Silent Hill Review
In an attempt to put an end to the terrifying nightmares experienced by her stepdaughter Sharon (Jodelle Ferland), Rose (Radha Mitchell) drives off in the dead of night, driving towards the very town in which Sharon's nightmares take place, the ominous Silent Hill. Upon arriving, they find the place to be a virtual ghost town, hidden beneath a blanket of ash that falls from the sky like snow, and populated by a variety of raving lunatics and hideously deformed, murderous demons. Things take a turn for the worst when Sharon vanishes without a trace. Rose resolves to brave the dangers of hellish town and rescue her daughter from the waking nightmare in which she now finds herself trapped...
It would not be too much of a stretch to describe Silent Hill as the best video game to film adaptation so far. Pickings have been woefully slim for this seemingly cursed sub-genre, in which adaptations tend to be described not in terms of how good they are but rather how bad they could have been, and the abominations of Uwe Boll and his ilk have destroyed more or less all credibility for this section of the industry. That's not be say that there haven't been any enjoyable offerings - on the contrary, even the worst ones can at least claim to be so bad they're good - but Silent Hill is definitely in a different league: a mature, adult and genuinely unsettling horror film that, despite some rather clichéd and nonsensical plot elements, treats its audience - both fans of the game and newcomers - with respect, and works as an engaging movie in its own right rather than a mere brand name.
This is, in a nutshell, everything that Resident Evil should have been. Paul W.S. Anderson's 2002 attempt to bring the survival horror franchise to the big screen may have been effective enough as an undemanding action movie, but even its staunchest defenders would agree that, as an adaptation, it is an extremely unfaithful one, conveying none of the tone and atmosphere of the games on which it purported to have been based. Anderson's defence, and a perfectly valid one at that, was that simply translating the game verbatim to the silver screen would have been boring, as there would have been no surprise, but, with Silent Hill, Christophe Gans does just that, even retaining Akira Yamaoka's musical themes from the game series, and yet manages to craft a film that is continually engaging in spite of its two-hour running time.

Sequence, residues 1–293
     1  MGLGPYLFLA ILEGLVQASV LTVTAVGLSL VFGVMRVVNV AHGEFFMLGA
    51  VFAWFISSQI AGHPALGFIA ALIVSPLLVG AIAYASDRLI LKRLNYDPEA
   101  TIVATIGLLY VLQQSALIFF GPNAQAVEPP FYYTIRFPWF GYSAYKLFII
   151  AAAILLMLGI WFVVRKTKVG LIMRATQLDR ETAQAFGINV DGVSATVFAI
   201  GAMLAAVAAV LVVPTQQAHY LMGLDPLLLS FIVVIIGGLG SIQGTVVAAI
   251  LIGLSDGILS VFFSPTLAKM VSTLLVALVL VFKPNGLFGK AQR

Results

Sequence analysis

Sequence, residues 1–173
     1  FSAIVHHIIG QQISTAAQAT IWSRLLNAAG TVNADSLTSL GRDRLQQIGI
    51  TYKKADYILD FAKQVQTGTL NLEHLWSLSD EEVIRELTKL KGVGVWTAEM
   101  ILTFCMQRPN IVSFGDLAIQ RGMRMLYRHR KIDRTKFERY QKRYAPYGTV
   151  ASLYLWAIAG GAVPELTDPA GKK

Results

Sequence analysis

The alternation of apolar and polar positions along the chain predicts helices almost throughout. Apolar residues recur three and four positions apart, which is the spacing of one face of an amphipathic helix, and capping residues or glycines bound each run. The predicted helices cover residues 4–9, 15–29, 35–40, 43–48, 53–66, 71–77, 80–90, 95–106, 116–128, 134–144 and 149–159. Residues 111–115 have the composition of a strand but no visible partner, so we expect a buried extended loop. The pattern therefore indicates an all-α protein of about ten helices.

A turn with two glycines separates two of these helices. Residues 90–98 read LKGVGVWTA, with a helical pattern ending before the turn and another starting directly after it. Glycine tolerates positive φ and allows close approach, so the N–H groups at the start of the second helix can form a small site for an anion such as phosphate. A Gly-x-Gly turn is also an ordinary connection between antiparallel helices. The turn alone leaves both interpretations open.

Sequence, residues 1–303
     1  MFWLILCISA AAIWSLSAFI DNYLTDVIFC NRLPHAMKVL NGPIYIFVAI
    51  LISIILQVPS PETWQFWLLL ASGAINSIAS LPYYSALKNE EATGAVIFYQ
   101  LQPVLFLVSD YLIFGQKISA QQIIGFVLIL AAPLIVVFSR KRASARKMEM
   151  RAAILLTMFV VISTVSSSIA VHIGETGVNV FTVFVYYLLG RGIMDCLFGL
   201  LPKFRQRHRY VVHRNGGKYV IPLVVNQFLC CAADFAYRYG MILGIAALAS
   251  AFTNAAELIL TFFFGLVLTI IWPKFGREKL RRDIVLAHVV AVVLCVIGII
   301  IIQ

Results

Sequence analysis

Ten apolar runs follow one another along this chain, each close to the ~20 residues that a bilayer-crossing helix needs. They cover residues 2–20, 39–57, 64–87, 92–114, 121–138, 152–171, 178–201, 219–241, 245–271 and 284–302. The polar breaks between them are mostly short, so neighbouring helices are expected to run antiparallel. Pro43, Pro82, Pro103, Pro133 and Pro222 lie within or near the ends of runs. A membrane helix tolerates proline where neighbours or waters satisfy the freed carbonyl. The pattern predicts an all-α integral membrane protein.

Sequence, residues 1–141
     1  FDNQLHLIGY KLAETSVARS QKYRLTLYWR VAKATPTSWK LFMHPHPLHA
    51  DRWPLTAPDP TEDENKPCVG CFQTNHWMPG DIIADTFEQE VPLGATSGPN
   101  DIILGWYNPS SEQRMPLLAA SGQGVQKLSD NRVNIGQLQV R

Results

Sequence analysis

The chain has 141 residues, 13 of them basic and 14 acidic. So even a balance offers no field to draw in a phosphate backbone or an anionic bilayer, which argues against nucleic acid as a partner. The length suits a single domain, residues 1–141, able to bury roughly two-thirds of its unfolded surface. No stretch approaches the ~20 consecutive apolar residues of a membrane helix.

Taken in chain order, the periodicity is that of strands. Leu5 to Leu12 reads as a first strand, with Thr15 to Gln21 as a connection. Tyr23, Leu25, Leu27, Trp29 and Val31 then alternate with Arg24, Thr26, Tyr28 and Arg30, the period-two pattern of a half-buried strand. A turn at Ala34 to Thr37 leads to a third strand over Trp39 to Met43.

The biggest change between game and film is the decision of Gans and his screenwriter, Roger Avary, to make the protagonist female rather than male. In fact, barring the appearance of Sean Bean as the heroine's husband, and a handful of unimportant male bit players, all the characters in the film are women, something that the studio executives apparently had great difficulty accepting. Bean's character was added at their behest in a rewrite, and his scenes, which are by far the least engaging in the film, constitute its only real flaw. This all-girl configuration also characterised Neil Marshall's 2005 horror film The Descent, in this viewer's opinion one of the finest entries in the genre in the last decade, and it proves to be oddly effective, perhaps because it allows the films in question to avoid the usual horror pitfalls of relegating female characters to predictable victim roles. There are women of all sorts in Silent Hill: strong women, weak women, good women, evil women, and all of them are interesting to some degree. Former Neighbours star Radha Mitchell makes for an excellent heroine, someone the audience can both relate to and root for, while Alice Krige, clearly borrowing to some extent from Piper Laurie in Carrie, proves to be a chilling religious zealot.
What is most impressive about the film, however, is not the performances but the palpable air of dread with which Gans imbues every scene. The exteriors of Silent Hill are chillingly quiet and deathly beautiful, while the various monsters, most of which look like they stepped out of the game itself, are imaginative and genuinely imposing, despite the occasional ropey bit of CGI. Indeed, the entire film is beautifully shot, with Gans contrasting the sparseness of the ash-covered town with the claustrophobia of the various enclosed spaces in which Rose finds herself trapped. The perversely imaginative design sense of Carol Spier, David Cronenberg's production designer of choice, is readily evident at all times. Most importantly, the audience, and the world in which the film takes place, are treated with respect at all times, with the creative team never feeling the need to wink to the viewers or in any way cheapen the proceeding simply because the source material is "just" a game (Tomb Raider this is not).